Now that Real World OCaml is out, I thought it would be fun to have a series of posts highlighting different interesting corners of the book.

Today: the section on benign effects.

Benign effects are uses of imperative programming that by and large preserve the functional nature of the code you write. Typically, benign effects are used to improve performance without changing the semantics of your code. I think there are a lot of fun and interesting ideas here, my favorite one being an elegant approach to dynamic programming, as exemplified by a simple implementation of a function for computing the edit distance between two strings.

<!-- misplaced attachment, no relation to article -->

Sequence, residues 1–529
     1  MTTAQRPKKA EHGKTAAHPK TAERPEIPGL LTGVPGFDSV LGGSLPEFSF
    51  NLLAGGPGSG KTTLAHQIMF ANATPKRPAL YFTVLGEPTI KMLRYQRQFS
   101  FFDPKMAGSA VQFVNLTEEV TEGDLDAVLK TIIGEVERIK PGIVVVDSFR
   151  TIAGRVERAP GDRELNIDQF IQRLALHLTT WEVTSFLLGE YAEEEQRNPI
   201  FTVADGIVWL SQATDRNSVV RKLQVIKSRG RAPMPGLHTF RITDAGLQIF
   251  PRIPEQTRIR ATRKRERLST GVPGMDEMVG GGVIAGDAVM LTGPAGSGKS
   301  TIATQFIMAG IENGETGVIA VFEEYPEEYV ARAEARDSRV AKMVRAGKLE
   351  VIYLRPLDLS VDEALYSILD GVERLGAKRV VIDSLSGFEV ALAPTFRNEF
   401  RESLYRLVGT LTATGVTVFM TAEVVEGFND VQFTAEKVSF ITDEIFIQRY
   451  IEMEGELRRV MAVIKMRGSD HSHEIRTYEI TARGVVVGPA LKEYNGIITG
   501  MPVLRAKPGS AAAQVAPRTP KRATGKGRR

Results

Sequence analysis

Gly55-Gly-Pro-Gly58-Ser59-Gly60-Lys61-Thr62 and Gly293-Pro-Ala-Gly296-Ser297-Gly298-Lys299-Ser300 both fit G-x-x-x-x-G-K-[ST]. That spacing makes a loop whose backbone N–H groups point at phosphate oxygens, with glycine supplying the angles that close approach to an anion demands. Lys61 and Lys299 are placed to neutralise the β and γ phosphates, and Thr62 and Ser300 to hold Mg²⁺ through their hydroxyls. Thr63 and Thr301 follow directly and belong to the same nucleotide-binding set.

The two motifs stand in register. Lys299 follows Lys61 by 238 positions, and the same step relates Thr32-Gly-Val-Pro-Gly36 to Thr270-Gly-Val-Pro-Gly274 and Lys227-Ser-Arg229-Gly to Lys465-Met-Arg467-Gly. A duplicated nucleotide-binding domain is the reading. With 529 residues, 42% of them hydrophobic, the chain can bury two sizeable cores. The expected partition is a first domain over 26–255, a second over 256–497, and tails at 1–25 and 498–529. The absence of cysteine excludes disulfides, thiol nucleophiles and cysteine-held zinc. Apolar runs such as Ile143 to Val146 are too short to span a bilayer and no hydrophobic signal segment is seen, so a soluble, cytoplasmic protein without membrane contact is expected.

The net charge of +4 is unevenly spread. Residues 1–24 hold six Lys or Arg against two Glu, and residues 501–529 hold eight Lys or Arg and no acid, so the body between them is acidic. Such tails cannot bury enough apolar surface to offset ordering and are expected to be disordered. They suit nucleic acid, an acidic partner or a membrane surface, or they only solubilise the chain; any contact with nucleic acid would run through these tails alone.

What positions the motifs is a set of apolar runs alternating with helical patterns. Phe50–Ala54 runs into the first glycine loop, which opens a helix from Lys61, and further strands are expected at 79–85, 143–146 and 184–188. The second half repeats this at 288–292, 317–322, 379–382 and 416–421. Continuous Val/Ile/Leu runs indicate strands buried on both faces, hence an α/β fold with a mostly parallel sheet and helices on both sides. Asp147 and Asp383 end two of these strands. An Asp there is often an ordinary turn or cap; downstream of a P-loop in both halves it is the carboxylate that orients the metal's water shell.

And of course, if you enjoy the book, you can get a hardcopy on Amazon.